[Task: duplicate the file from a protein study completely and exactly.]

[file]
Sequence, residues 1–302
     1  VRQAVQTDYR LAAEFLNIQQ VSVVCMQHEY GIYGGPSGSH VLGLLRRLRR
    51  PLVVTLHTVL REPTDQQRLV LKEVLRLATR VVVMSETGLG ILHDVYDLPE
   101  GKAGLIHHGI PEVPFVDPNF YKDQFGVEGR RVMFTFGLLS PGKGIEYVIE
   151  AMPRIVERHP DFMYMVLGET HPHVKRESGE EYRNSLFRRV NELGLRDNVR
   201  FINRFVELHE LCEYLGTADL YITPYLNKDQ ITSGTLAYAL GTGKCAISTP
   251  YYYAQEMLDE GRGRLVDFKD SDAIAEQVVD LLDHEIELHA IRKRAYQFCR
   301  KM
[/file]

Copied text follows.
Sequence, residues 1–302
     1  VRQAVQTDYR LAAEFLNIQQ VSVVCMQHEY GIYGGPSGSH VLGLLRRLRR
    51  PLVVTLHTVL REPTDQQRLV LKEVLRLATR VVVMSETGLG ILHDVYDLPE
   101  GKAGLIHHGI PEVPFVDPNF YKDQFGVEGR RVMFTFGLLS PGKGIEYVIE
   151  AMPRIVERHP DFMYMVLGET HPHVKRESGE EYRNSLFRRV NELGLRDNVR
   201  FINRFVELHE LCEYLGTADL YITPYLNKDQ ITSGTLAYAL GTGKCAISTP
   251  YYYAQEMLDE GRGRLVDFKD SDAIAEQVVD LLDHEIELHA IRKRAYQFCR
   301  KM